Providing appropriate pain medications and keeping animals warm and comfortable during and after surgery are important, but ensuring they come into the clinic relaxed is a new and critical component of pre-surgical prep. Even for minor procedures, it’s vital to survival and normal healing and recovery.
“That’s actually a new concept, and I think that’s why maybe not everyone has adopted it yet,” says Tamara Grubb, DVM, PhD, DACVAA, at Washington State University College of Veterinary Medicine. “We just didn’t realize the impact of animals coming in stressed or in pain.”
Uncontrolled pain in animals results in a number of physiological effects, including increased myocardial work, hypoventilation, decreased gastrointestinal motility, release of cortisol and catecholamines, hyperglycemia, muscle protein catabolism, effects on water and electrolyte balance, and delayed wound healing.
Those are among the reasons veterinarians should identify and manage pre-existing pain from osteoarthritis or other conditions before pets undergo surgery or dentistry, Dr. Grubb says. Taking them into surgery without appropriate pain management can exacerbate the condition, especially if animals are manipulated during the procedure.
Among the elements of comfort, stress reduction, and pain relief are emotional support, control of nausea and vomiting, low-stress handling by veterinarians and nurses, and a soothing physical environment.
Introducing Fear Free or American Association of Feline Practitioners (AAFP) Feline Friendly practices into hospital management and design adds to pet comfort pre- and post-operatively, according to Michael C. Petty, DVM, in the proceedings for his 2018 VMX lecture, “Care of the surgical patient: At home, in hospital and home again.” Those measures can include rubber flooring for better footing, especially for older animals or those with degenerative joint disease or neurologic conditions; playing calming music in reception areas and wards; placing cats in cages with separate litterbox and sleeping areas; and warm, padded exam and surgical tables.
Getting pets into the clinic in a less stressful way can save lives, especially when it comes to cats.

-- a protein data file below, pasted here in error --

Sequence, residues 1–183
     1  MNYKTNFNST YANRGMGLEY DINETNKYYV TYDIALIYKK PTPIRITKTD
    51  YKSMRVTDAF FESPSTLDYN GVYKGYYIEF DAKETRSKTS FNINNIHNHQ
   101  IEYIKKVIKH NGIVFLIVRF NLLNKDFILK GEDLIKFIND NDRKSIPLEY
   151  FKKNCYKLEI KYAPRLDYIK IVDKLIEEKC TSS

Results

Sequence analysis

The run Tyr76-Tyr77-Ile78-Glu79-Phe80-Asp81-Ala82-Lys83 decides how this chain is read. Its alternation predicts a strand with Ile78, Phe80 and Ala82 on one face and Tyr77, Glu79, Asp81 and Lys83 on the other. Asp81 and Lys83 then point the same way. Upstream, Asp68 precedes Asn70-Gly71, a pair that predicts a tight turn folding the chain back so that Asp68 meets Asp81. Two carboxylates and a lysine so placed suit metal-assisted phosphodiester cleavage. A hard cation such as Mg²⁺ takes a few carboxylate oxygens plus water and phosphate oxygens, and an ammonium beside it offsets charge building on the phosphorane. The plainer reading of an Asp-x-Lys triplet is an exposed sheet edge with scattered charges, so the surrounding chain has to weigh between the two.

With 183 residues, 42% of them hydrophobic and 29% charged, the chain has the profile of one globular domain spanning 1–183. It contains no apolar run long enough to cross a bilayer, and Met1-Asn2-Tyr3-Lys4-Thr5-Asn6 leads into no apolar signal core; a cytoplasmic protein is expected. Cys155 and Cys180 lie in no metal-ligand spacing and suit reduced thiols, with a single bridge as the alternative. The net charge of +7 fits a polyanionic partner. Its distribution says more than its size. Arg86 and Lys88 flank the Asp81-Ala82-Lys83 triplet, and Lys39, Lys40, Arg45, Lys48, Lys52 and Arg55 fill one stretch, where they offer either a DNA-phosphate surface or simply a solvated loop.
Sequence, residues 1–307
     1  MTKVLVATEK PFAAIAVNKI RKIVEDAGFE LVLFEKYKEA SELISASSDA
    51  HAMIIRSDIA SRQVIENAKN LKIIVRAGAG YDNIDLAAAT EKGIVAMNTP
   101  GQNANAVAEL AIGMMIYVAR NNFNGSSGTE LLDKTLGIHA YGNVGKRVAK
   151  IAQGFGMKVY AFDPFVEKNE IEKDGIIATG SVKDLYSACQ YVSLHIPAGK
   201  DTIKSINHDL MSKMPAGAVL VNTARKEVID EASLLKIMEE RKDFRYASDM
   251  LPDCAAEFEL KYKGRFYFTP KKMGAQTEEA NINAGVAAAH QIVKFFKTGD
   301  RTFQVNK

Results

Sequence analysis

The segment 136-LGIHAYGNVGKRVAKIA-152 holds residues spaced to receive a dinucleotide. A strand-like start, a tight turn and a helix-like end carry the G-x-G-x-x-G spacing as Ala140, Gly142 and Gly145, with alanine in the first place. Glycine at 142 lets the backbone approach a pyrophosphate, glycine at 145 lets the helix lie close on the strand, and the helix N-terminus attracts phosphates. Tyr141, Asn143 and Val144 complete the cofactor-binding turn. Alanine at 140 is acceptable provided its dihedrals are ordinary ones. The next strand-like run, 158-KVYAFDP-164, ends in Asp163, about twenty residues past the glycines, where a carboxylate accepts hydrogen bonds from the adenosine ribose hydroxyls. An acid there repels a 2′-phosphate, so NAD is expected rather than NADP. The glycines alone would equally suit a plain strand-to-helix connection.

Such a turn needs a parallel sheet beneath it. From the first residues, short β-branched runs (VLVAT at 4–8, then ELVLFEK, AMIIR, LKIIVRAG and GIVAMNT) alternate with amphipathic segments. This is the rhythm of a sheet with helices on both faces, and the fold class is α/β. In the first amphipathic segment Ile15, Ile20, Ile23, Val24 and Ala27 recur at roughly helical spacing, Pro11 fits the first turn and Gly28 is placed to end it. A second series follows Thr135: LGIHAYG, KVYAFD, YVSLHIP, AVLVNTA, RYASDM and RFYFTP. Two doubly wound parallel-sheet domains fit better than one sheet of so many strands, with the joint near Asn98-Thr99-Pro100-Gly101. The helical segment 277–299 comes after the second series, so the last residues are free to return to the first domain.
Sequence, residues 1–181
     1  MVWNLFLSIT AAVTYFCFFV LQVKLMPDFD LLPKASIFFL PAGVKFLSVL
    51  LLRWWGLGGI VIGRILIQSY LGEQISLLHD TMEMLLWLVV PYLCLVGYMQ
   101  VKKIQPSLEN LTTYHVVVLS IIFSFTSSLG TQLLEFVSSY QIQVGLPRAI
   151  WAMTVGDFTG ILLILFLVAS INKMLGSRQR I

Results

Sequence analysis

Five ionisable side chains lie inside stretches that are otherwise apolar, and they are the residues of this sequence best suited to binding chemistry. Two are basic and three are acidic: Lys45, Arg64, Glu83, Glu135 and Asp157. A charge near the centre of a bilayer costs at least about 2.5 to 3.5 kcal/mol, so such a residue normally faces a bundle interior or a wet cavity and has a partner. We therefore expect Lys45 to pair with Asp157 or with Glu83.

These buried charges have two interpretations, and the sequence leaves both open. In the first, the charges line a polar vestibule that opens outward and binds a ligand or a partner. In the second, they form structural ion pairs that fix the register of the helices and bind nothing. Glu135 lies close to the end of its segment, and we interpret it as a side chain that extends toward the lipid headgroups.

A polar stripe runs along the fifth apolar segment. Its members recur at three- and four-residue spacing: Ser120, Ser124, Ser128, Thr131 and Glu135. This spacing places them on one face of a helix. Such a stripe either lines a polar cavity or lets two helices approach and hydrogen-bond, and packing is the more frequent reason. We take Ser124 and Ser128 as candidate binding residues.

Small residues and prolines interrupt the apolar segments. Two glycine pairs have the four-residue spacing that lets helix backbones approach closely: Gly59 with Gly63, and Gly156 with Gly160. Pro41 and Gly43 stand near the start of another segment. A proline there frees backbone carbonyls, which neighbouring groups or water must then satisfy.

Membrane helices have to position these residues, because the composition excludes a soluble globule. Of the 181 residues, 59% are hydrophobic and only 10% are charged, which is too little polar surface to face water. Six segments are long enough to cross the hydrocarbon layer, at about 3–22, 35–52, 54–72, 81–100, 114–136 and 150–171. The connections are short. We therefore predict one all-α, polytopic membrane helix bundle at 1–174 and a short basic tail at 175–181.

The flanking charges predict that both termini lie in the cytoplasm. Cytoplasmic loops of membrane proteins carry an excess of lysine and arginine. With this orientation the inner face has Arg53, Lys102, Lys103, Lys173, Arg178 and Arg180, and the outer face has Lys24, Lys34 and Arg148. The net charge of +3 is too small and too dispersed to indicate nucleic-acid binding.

“Every study that has been published has shown cats have a higher risk of death related to anesthesia than dogs, and I think a lot of that stems from the stress level they come in at,” says Sheilah Robertson, MRCVS, DACVA, senior medical director for Lap of Love Veterinary Hospice.
Having owners administer gabapentin to cats the night before or the morning of the procedure can help them remain calm and ensure more accurate physiological data, such as heart rate and blood glucose levels before administering anesthesia. A study of 20 healthy cats published in the Nov. 15, 2017, issue of Journal of the American Veterinary Medical Association found that orally administering a 100-mg gabapentin capsule to cats 90 minutes before transport to the veterinary clinic resulted in a significant decrease of stress-related behaviours during transport and examination. The cats also were less aggressive and more compliant.
For dogs, administering trazodone prior to arrival can have a similar effect. Animals who experience carsickness arrive stressed from salivating, vomiting, or defecating during the car ride. Prescribing maropitant to be given before they travel can help ensure they arrive in better physical and emotional condition.
“We want owners to understand that if their pet has high anxiety or stress, the sensation of pain can be exacerbated, and if we have those drugs on board before there are any pain impulses, they’re much more effective,” Grubb says.
And individual animals have specific needs. Some respond very differently to pain than others do. Breeds such as beagles and Shetland sheepdogs, as well as Nordic dogs, can have a reputation as ‘crybabies,’ reacting excessively or vocally to what seem like minor procedures.
“That vocalization may mean nothing, and it may mean pain,” Grubb says. “I really do think at some point we will recognize certain breeds do have a genetic predisposition for a heightened pain response, like redheads in human medicine. We know there’s a genetic reason they may be more sensitive to pain or that the pain drugs may not work as well. I think it’s in our future to know which breeds experience pain in a more intense way.”
New drugs, animal reactions to drugs, the opioid shortage, and controlling nausea and vomiting all affect how pets are anesthetized. New takes on old protocols make a difference, too.
Cats, of course, are poster children for special-needs patients. They respond to opioids and NSAIDs differently than dogs and need lower dosages. In the case of sedatives, just the opposite is true. Cats are more resistant to sedatives, Grubb says, and require a higher dose for those drugs to be effective.
Cats have some new options coming up. A bupivacaine liposome injectable solution, currently available only for dogs, offers three days of analgesia from a single injection. A favourable report on the drug from the U.S. Food and Drug Administration (FDA) means it is likely it will be approved for use in cats soon south of the border, says Dr. Robertson, who describes it as “a huge breakthrough in local anesthesia.”
Some dogs also may respond differently to certain drugs or doses of drugs. In particular, Nordic breeds such as Siberian huskies or Alaskan malamutes may experience these effects, becoming dysphoric under higher doses of opioids.